There is an interesting piece in today’s NYT by political scientist Suzanne Mettler. The basic argument is relatively straightforward. Americans dislike government because they fail to understand how greatly it benefits them. This is partially a story of ideology, partly a story of policy design. The first point is relatively simple. On the last point, the piece is referring to design issues that allow beneficiaries to receive their benefits through third party providers, thereby obscuring the source (and explaining how one might carry a placard telling the government to keep its hands off of Medicare). Design issues also arise in what Chris Howard has referred to as the “invisible welfare state,” or what Mettler describes as the “submerged state,” i.e., a state that executes functions via tax expenditures. Citing the examples of the mortgage interest deduction or the tax treatment of employer-provided health care, the author notes that such policies leave “beneficiaries with the false impression that their economic security was owed merely to their own efforts.”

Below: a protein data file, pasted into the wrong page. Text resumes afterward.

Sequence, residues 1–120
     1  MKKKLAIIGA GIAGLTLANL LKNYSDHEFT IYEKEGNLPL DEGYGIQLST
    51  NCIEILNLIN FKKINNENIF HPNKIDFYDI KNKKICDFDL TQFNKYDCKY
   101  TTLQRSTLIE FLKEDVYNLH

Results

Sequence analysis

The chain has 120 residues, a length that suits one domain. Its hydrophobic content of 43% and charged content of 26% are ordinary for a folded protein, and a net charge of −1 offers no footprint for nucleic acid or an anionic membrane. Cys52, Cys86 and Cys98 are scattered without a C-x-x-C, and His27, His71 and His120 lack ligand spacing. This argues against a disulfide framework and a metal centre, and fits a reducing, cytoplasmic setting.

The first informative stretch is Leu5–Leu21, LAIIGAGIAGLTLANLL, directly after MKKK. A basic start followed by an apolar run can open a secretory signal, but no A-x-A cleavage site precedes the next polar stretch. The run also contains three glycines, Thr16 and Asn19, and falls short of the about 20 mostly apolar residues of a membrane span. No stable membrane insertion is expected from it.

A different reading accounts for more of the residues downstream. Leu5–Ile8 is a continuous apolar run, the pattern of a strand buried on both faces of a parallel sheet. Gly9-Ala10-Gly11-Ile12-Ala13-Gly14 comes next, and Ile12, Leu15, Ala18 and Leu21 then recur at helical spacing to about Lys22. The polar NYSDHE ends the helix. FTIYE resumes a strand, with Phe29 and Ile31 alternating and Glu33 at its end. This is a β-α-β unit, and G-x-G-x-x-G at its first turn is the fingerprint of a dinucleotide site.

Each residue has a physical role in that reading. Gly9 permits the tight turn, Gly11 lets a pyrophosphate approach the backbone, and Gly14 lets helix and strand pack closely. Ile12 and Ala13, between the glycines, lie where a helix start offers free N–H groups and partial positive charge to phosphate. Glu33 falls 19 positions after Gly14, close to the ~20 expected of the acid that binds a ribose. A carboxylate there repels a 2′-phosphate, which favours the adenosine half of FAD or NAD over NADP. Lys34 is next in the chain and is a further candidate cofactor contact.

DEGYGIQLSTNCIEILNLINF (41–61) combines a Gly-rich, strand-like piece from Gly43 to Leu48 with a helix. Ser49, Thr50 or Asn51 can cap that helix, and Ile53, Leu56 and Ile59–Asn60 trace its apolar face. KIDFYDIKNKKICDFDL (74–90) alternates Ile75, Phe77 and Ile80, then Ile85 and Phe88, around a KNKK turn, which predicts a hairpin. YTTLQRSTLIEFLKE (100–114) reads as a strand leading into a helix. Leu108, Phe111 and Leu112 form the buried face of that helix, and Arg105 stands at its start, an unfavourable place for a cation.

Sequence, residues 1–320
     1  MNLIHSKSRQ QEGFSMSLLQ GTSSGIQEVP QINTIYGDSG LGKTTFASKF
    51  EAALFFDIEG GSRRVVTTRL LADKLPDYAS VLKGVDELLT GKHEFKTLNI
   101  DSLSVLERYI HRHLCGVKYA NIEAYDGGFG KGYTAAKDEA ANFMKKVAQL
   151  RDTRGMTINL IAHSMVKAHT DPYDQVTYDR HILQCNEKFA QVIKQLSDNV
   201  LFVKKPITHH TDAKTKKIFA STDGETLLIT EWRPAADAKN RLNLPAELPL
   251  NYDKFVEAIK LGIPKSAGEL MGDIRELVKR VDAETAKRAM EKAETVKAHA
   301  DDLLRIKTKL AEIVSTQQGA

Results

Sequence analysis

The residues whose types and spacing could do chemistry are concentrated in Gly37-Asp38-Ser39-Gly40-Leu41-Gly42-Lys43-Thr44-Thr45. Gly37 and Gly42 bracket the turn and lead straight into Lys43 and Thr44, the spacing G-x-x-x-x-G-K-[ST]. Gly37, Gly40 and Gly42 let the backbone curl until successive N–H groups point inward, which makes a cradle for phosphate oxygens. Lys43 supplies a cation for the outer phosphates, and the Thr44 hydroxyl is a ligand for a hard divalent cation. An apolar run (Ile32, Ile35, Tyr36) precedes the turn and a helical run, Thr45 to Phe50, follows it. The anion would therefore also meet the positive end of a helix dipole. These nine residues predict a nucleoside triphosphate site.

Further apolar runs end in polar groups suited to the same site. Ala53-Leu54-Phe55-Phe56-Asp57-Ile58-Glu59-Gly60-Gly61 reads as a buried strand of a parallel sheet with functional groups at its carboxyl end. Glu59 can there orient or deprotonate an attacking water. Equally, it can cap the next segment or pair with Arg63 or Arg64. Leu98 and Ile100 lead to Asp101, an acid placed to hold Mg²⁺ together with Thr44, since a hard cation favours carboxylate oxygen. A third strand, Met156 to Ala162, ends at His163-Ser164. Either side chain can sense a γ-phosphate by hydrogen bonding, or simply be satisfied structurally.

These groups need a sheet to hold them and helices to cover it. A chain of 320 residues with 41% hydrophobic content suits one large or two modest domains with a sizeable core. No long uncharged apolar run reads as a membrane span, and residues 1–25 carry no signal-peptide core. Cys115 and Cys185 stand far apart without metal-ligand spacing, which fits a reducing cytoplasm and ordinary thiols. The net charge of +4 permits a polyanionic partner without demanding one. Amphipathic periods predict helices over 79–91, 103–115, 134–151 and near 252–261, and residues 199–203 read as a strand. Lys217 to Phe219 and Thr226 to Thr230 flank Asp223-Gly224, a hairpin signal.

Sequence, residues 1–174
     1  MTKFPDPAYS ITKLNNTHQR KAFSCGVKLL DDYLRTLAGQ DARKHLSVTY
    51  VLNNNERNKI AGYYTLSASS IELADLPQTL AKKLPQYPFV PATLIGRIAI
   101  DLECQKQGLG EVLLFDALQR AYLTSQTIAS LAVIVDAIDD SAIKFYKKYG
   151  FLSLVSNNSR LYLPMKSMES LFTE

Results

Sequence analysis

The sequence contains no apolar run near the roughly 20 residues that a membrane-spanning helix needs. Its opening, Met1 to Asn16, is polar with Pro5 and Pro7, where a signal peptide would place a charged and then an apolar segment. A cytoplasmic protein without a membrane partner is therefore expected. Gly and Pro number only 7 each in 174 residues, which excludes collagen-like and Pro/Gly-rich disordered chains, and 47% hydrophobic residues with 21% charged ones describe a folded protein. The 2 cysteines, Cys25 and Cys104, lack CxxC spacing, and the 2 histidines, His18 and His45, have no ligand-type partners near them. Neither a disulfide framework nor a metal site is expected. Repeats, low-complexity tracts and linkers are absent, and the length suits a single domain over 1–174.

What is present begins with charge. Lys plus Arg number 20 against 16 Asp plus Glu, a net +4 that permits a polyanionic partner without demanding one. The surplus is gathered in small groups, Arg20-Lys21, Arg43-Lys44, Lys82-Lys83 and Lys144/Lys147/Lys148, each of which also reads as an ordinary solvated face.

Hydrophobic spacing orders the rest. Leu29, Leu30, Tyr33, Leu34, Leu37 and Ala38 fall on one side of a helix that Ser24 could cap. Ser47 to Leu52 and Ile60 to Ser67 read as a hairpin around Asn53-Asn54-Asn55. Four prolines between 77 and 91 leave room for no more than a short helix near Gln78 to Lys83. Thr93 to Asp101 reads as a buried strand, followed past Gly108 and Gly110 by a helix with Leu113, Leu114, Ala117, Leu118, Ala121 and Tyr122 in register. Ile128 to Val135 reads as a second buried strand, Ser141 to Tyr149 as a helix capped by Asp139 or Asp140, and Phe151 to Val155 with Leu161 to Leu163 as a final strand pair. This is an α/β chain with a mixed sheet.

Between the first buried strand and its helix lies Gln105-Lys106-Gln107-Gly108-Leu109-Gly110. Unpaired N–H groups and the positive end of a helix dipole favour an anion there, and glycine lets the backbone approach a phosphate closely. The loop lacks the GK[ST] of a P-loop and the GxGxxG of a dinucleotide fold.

The submerged state obscures the role of government and exaggerates that of the market. It leaves citizens unaware of the source of programs and unable to form meaningful opinions about them.
The solution: make the benefits of the “submerged” state more visible.
I am a great fan of transparency. It is my suspicion, however, that if citizens looked beyond the treatment of their mortgage interest, health care, and church contributions, they would quickly lose enthusiasm for the submerged state. This same state uses the same means to provide countless billions in corporate welfare to transfer-seekers thereby tilting the competitive field to benefit those who have most effectively purchases access. One should not be surprised that the majority of the benefits accrue to the top quintile.
I might be wrong, but I am not certain that full transparency would make the submerged state far more popular. It might, in fact, have the opposite effect.